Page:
However, managing deformity, poor bone quality or bone loss remain difficult issues to resolve using traditional techniques.  As a result, biomechanical studies into the properties of angle-stable devices such as blade plates and non-anatomic locking plates have found some mechanical advantages over screws in stabilising an ankle arthrodesis, thus potentially offering a solution. Therefore, in Sheffield, Mr Mark Davies and Mr Chris Blundell developed a new anatomically contoured, fixed angled lateral locking ankle arthrodesis plate – the Ankle Fix 4.0. Manufactured by ZimmerBiomet, we have successfully used this device for open ankle fusion surgery especially in more challenging clinical situations. The rationale behind the plate design was formed after both authors had gained experience using an inverted PHILOS plate. It was felt that a set of divergent screws within a low-profile talar section would offer a significant pull-out strength in cancellous bone and similarly that convergent screws in the tubular, cortical bone would provide robust tibial fixation. These screws were specifically designed to be 4.0 mm in size to allow clustering of the screws which contrasts with the larger, less versatile plate designs that were on the market at the time of design in 2009.

With limited literature on the wealth of new locking ankle fusion plates, the plate designers present these results and discuss their large series in the December 2017 issue of the journal Techniques in Foot and Ankle Surgery.

Author: Mark Davies FRCS (Tr & Orth)

Institution: The Northern General Hospital ,Sheffield ,UK.

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This overview is brought to you by Orthoracle - the online e-learning Orthopeadic Surgery Atlas

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View this procedure on OrthOracle.com

- Open Exposure for Ankle Fusion:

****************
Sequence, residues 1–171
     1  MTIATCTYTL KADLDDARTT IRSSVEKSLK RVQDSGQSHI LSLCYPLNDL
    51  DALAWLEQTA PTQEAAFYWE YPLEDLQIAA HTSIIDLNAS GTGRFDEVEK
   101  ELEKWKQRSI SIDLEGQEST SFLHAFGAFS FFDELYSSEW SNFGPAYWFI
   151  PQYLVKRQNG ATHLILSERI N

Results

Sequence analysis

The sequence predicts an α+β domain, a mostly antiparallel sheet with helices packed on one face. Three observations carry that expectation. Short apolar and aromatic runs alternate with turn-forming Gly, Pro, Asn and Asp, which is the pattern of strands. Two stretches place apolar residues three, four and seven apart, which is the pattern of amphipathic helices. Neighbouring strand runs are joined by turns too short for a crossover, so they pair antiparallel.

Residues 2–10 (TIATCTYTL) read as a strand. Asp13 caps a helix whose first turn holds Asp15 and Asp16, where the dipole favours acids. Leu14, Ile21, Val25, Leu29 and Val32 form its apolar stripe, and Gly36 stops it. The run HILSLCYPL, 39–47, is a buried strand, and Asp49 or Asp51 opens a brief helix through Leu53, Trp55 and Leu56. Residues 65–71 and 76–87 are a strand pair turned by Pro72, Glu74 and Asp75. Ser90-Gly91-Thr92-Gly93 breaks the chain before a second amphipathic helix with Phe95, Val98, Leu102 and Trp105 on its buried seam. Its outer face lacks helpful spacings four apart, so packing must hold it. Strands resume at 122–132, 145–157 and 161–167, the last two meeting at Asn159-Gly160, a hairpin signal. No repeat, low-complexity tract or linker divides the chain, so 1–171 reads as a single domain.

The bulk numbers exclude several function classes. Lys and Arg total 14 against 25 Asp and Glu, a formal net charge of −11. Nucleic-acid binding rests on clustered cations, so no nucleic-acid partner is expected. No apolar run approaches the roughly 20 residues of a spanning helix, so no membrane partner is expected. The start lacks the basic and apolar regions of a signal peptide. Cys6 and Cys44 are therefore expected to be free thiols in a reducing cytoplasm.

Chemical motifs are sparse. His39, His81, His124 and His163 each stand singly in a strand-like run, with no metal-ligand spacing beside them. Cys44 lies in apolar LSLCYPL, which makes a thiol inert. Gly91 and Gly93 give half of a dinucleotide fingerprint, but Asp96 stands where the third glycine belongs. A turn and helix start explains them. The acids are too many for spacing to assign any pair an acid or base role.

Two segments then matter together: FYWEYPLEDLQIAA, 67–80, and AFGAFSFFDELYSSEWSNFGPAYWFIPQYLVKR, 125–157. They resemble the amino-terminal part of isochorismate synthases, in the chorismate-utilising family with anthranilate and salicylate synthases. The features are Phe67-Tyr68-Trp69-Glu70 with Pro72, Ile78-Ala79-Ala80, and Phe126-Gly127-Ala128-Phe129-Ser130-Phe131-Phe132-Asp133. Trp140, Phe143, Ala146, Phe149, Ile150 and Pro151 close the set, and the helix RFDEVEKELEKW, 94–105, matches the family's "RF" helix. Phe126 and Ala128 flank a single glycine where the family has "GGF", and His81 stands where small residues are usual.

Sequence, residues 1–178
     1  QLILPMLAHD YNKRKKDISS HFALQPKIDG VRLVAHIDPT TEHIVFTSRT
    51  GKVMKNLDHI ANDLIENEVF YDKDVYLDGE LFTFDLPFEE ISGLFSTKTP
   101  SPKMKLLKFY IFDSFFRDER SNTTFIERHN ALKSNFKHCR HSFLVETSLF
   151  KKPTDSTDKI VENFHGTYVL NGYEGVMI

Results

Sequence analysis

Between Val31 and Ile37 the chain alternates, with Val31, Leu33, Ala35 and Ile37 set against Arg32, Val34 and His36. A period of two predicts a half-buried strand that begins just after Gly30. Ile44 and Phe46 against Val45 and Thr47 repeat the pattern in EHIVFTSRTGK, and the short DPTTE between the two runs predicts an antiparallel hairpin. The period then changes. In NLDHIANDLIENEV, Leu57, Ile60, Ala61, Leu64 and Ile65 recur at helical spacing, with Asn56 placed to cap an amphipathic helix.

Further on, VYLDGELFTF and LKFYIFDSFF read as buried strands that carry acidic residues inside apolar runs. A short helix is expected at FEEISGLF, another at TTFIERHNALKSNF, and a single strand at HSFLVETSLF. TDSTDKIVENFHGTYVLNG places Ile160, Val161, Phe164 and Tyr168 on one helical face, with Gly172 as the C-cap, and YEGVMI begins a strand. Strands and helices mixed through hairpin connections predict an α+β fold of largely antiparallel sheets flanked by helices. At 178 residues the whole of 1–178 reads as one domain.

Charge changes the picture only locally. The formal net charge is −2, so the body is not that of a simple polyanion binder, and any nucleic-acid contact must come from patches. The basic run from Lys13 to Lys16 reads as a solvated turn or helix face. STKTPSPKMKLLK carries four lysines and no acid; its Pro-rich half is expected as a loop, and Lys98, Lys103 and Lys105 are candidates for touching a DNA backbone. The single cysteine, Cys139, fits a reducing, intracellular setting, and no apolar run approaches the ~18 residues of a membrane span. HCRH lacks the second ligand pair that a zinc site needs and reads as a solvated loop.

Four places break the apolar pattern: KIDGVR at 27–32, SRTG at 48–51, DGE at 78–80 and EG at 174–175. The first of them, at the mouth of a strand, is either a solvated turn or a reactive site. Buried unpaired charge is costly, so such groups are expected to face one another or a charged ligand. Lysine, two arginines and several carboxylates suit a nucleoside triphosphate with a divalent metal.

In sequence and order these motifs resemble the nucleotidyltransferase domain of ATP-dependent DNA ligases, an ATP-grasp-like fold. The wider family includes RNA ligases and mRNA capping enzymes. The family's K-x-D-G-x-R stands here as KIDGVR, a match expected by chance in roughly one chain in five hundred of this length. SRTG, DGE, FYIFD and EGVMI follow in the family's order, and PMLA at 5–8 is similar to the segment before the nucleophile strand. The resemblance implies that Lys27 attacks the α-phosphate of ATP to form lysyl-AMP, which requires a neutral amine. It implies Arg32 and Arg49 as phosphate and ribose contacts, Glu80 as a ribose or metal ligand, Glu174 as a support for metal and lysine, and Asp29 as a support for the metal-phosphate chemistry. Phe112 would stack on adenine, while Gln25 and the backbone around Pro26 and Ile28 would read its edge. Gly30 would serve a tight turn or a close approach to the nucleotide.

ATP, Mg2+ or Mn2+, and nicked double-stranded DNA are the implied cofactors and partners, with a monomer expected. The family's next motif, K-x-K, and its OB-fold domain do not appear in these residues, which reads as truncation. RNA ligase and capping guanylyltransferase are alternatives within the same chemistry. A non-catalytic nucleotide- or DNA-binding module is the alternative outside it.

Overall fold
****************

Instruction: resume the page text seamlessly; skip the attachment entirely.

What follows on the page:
- alternative techniques: (Blair fusion, compression arthrodesis)


- Arthroscopic Arthrodesis:

An arthroscopic ankle fusion probably has consistently the highest union rate of any ankle fusion technique. It is often associated with lower levels of short-lived post-operative pain, when compared to open techniques. If  bone quality is good there is also the possibility of starting early limited weight-bearing in compliant patients. Union rates in excess of 90% are normal and much of the post operative period can be spent in a post-operative boot rather than cast given the inherent stability of the maintained (as opposed to flat cut) articular surfaces.

The technique is particularly useful for cases with poor soft tissue quality such as areas covered with skin graft or various plastic surgical flaps as well as in those with compromised wound healing capacity, such as diabetics.

There is disagreement about its use in the presence of significant deformity, though as long as the deformity is passively correctible there is little issue using the technique. Even a degree of fixed deformity of the arthritic ankle can be corrected by differential intra-articular resection/preparation of the adjacent joint surfaces.

In the presence of a mobile compensatory mid-foot and hind-foot a normal, or largely normal, gait pattern can be expected following arthroscopic ankle fusion. Appropriate patient selection is important and in-particular considering fusion carefully in those with pre-exisiting sub-talar or midfoot arthrosis which will deteriorate in many cases. These are the same considerations though for any ankle fusion irrespective of technique.

One should be fully conversant with the technique of ankle arthroscopy before attempting an arthroscopic ankle fusion:

Ankle arthroscopy using the Smith and Nephew Guhl non-invasive ankle distractor

Alternative techniques to fuse the ankle should always be in a surgeons skill set and examples can be read on OrthOracle at:

Ankle Fusion (arthrodesis): Trans-fibular approach using AnkleFix 4.0 plate (Zimmer-Biomet)

Ankle arthrodesis (fusion): Trans-fibular approach

Ankle Fusion: Arthrex anterior ankle fusion plate

Readers will also find the following techniques of interest:

Tibio-Talo-Calcaneal (TTC/Double )fusion using Zimmer Ankle Fix plus plate.

Tibio-Talo-Calcaneal (TTC/Double )fusion using Integra Advansys Plate

Tibio-talo-calcaneal (TTC/Double ) fusion with Wright Valor nail.

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This overview is brought to you by Orthoracle - the online e-learning Orthopeadic Surgery Atlas

Take the Tour

View this procedure on OrthOracle.com

- requires correctable deformity;
- technique:
- ankle arthroscopy
- use standard knee arthroscopy arthroscope (4 mm) and 4.5 mm burr;
- ankle distraction apparatus:
- remove entire articular cartilage (including medial and lateral gutters) w/ relative preservation of subchondral bone;
- drill multiple holes through the subchondral layer;
- references: